What brought about the shifting landscape?

 

Starting in the early 2000s a series of events took place that lay the foundation for a changing financial services landscape in South Africa. Namely:

  • Mzansi account uptake reflected market demand. In an effort to redistribute the concentration of wealth and extend large industry services to the previously excluded population in South Africa, the new democratic government negotiated industry charters that were designed to obtain commitment from traditional providers to extend their services into the underserved and unserved markets. Why did the government do this? Read the review of Mzansi and Zimele Accounts here.
  • Socio-economic factors improved viability of entry-level accounts. The new opportunity that the banks were witnessing in the entry-level market converged with two socio-economic trends that were shaping the wider landscape of South Africa: rapid urbanization and formalization of the economy. These two factors made previously excluded clients more accessible and viable for the banks.
  • Disruptors demonstrated opportunity. Capitec was the first bank to enter the banking sector in 20 years, and along with African Bank and Ubank, disrupted the traditional model of the existing banks (the Incumbents - Absa, FNB, Nedbank and Standard Bank). The Disruptors (Capitec, African Bank and Ubank) demonstrated profitable opportunities in the low income market beyond the middle and upper income models which the Incumbent banks had been targeting until that point.

 

Capitec

 

Figure 1: Capitec Bank in Rosebank Mall, Johannesburg, South Africa 

 

What were the emerging trends observed in the Entry level bank branch market during this time?

  • Substantial customer growth in the entry-level market. The figure below indicates that from 2010 to 2011 the Incumbents entry-level customer base grew by 18% from 16.7 million to 19.7 million customers. During the same period the customer base for the Disruptors grew by 20% from 6.1 million to 7.3 million customers. In the Figure below, entry-level customers refer to low-income account holders and while the number of banked individuals are increasing, many people are likely becoming multi-banked.
  • Incumbent bank branches more than doubled between 2010 and 2011. Unlike the Disruptors, the Incumbent banks needed to tap into the appeal of the entry-level market and differentiate their new branches from their traditional ones. The result was substantial investment in entry-level branches and non-branch infrastructure to extend the reach of the banks off a low base.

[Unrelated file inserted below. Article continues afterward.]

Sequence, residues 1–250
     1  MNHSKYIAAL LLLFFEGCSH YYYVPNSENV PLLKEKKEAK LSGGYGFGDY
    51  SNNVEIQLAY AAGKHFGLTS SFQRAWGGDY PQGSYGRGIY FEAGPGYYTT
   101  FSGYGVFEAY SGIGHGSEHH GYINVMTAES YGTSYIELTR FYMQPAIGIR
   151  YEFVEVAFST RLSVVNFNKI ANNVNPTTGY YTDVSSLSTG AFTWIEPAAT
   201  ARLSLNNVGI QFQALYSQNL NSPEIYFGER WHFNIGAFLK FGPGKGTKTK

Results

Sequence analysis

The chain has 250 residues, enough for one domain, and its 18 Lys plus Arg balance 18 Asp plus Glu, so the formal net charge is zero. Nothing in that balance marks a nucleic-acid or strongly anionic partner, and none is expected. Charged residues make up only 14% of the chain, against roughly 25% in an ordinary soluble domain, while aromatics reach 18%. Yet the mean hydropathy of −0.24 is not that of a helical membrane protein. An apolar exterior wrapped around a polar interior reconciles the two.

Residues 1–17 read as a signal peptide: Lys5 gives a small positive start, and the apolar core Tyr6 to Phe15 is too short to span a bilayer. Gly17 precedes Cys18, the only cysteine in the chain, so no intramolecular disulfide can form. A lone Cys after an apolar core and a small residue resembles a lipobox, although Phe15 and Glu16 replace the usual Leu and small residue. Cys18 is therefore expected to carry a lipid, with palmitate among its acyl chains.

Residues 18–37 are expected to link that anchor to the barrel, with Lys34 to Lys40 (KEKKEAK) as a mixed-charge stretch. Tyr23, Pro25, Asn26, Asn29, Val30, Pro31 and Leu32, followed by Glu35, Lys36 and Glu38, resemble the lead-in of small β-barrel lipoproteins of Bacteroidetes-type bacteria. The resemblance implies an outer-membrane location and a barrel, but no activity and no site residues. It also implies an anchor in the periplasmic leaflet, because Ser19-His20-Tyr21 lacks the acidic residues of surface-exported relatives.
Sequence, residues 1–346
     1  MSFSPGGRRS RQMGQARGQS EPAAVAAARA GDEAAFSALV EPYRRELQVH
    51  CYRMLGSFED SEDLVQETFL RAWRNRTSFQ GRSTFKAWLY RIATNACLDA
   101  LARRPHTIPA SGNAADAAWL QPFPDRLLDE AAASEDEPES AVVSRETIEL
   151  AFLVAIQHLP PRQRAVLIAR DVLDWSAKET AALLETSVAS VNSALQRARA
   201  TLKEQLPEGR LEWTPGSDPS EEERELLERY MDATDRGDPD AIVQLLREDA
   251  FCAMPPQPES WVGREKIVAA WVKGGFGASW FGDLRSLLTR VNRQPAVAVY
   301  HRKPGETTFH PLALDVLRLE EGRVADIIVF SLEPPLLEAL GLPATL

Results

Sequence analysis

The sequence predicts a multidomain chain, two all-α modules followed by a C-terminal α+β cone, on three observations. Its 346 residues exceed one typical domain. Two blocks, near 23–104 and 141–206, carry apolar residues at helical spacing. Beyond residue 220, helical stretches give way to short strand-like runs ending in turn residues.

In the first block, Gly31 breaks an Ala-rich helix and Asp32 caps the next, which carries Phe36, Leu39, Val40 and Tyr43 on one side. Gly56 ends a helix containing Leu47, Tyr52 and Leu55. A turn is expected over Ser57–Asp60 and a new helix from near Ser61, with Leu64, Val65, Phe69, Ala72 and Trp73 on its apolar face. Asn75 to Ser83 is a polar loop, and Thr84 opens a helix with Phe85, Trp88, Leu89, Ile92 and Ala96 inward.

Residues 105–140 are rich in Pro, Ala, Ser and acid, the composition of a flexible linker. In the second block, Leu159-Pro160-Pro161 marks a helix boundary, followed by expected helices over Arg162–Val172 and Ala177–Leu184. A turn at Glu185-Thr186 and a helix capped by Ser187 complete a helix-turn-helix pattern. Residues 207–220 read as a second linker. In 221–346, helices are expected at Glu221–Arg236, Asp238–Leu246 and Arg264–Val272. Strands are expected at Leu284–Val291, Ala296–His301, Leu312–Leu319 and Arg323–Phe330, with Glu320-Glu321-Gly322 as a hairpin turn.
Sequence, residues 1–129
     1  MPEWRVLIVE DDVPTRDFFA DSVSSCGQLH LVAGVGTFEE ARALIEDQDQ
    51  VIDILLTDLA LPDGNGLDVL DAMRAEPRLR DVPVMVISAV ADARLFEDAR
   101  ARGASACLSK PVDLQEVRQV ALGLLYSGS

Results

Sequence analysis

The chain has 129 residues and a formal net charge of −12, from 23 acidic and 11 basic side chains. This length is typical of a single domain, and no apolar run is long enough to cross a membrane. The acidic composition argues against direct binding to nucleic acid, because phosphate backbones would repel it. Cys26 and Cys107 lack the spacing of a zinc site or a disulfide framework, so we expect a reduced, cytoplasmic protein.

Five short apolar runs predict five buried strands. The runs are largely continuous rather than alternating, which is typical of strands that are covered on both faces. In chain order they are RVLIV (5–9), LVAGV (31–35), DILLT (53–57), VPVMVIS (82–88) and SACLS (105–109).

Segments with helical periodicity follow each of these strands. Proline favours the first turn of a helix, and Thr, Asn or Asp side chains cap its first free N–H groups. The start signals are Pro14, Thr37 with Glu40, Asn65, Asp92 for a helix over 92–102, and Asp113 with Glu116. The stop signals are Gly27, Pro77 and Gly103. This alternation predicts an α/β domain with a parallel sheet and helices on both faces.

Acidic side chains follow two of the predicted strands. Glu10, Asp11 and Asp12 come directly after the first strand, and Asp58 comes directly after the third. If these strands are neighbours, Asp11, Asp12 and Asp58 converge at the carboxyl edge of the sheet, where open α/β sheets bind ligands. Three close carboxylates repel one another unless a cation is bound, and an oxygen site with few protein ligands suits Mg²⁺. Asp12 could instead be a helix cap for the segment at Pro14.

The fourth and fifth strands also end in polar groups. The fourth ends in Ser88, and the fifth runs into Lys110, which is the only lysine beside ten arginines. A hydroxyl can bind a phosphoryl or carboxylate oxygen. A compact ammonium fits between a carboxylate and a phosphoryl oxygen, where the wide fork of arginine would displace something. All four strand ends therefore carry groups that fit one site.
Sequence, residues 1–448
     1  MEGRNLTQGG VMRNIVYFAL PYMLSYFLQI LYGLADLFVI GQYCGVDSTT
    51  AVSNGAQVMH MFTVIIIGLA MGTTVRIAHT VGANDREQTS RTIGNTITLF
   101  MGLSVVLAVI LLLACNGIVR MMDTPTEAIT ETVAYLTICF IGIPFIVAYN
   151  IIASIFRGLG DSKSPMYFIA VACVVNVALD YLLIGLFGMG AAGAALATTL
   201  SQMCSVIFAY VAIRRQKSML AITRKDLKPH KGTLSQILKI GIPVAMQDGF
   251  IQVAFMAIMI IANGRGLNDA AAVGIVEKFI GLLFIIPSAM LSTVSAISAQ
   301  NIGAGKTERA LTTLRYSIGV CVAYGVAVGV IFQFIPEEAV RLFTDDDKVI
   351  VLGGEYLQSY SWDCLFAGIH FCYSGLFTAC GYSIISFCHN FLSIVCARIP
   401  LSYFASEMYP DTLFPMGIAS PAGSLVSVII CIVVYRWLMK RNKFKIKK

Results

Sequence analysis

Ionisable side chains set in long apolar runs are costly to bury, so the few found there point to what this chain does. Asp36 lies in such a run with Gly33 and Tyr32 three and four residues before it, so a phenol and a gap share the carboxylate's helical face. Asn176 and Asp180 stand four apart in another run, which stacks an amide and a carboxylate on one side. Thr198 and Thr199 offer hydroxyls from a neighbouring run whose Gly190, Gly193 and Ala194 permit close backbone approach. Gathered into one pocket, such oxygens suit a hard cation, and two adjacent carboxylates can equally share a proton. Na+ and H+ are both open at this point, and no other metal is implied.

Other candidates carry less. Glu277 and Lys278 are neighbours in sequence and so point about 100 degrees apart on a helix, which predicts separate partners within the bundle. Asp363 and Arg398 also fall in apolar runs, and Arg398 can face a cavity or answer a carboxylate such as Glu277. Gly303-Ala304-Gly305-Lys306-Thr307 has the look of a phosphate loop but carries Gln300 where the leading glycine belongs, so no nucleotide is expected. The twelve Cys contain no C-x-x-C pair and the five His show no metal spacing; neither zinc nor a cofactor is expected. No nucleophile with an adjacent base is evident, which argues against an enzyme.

Entry-level bank branches figure 1

 

Figure 2: Growth in entry-level bank customers

 

What common elements of a successful entry-level bank branch strategy should be adopted?

  • Innovation in attracting entry-level clients. Bank placement plays a critical role in attracting large volumes of customers into entry-level bank branches. However, it is not the only option. Banks have adopted a more aggressive approach to attracting new clients though a layered marketing approach: (i) promotional activities (ii) on-boarding (iii) education and (iv) personal interaction. Marketing has to speak to both the value of products as well as the brand status of having a specific type of account.
  • Technology coupled with human interaction is key to the value proposition. Technology has played a critical role in enabling low-cost access to financial services. However, the drive to substitute over the counter services with technological equivalents needs to be complemented with a human interaction component to ensure adoption.
  • Introduction of 'one-stop-shop' to deliver full-service banking to the entry-level segment. The riskiness in the high-margin unsecured lending market encouraged banks to extend their other retail banking offerings to the entry-level market. Banks have introduced a comprehensive set of simple products (credit, insurance, savings and transactional) and aim to provide a one-stop-shop for full-service banking. However, not all banks have adopted the same approach.

What are the key considerations for entry-level bank branches going forward?

  • Diversification in product offerings beyond credit is key. The unsecured credit market is becoming saturated, putting pressure on the performance of many banks whose strategies still depend largely on credit; such as Capitec and African Bank.
  • Progress in rural areas, but still underserved. Rural communities have low customer volumes and are more costly to serve, limiting the extension of entry-level bank branches thus far.
  • Increased competition and choice. The study highlights the move of the Incumbent Banks towards the entry-level market, but Capitec and African Bank are also moving into the middle-income markets looking for new customers. The upper lower income market are therefore seeing increasing levels of competition and choice in financial services.

Additional Info

  • Country: South Africa
  • Institution: FinMark Trust, Genesis Analytics
  • Date Published: 2013
  • Document Type: Landscape Study

Search news, publications and events